Autumn Tribute to Frost
“Nothing Gold Can Stay” by Robert Frost is one of my favorite poems. I first heard of it from the book The Outsiders by S. E. Hinton. In the movie version of the story, the main character, Ponyboy, recites the poem in a beautiful moment of tranquility at dawn by a country church. The poignancy and the pathos of the verses haunted me. I, too, committed the poem to memory.
One autumn afternoon as I was walking a wooded path marveling at the gorgeous array of sunset-colored leaves, a variation of Frost’s poem formed in my mind. My version attempts to both mirror Frost’s form, while bringing the seasons and life cycle full circle.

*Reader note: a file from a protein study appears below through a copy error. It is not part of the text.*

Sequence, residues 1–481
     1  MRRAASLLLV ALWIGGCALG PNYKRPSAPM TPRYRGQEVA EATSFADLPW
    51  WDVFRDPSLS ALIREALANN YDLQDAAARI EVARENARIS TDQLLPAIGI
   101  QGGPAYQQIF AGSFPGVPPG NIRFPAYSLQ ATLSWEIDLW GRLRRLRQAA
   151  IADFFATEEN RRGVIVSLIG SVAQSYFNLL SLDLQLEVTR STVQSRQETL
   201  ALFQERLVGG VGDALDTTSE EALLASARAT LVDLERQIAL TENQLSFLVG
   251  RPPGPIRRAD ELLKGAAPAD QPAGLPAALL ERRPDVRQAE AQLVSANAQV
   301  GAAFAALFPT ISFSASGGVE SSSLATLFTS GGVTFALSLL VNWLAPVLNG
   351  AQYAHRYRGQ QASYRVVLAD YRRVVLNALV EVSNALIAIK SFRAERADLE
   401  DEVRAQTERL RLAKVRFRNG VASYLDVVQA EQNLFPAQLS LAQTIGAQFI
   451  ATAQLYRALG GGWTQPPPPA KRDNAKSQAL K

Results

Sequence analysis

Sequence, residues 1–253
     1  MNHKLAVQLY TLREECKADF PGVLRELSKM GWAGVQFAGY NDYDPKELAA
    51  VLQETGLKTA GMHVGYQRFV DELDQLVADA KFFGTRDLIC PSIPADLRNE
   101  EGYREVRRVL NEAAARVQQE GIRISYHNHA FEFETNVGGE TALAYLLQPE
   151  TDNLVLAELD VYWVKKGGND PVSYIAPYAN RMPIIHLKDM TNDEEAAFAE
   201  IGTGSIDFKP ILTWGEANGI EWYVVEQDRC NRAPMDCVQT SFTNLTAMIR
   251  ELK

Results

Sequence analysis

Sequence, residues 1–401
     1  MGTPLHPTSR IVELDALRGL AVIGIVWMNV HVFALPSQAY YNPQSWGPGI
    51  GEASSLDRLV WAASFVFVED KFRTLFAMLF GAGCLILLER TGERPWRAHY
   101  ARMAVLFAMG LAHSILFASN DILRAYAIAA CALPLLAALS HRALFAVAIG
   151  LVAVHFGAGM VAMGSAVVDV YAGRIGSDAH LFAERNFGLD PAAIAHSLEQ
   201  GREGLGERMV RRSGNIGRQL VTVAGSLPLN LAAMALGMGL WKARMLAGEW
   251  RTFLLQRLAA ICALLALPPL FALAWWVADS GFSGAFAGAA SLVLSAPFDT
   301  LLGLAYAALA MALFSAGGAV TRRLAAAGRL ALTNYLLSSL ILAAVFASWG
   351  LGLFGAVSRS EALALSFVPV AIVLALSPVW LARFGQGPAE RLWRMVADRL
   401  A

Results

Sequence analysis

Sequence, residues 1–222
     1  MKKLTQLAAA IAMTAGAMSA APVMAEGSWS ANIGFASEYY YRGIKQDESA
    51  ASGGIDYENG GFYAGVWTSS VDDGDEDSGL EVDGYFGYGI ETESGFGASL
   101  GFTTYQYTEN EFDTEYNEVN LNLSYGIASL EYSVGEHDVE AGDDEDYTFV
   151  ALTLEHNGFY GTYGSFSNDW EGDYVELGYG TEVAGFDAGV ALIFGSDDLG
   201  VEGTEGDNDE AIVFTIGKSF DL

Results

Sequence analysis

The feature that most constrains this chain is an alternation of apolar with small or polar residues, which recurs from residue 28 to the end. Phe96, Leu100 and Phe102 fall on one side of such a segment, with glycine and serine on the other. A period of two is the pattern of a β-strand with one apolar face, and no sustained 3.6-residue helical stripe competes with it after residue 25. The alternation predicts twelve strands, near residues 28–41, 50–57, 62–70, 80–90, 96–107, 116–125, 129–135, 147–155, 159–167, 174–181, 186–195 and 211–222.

[The pictures here are from my recent trip to Pine Mountain in Kentucky, at Blanton Forest, an old-growth forest preserved by Kentucky Natural Land Trust. Watch this 10-second video before reading the poem.]
“Nature’s Last Gold is Green”
Frost’s Original Poem:
Leah D. Schade is the Assistant Professor of Preaching and Worship at Lexington Theological Seminary (Kentucky) and author of the book Creation-Crisis Preaching: Ecology, Theology, and the Pulpit (Chalice Press, 2015).
Read more of Leah’s poems: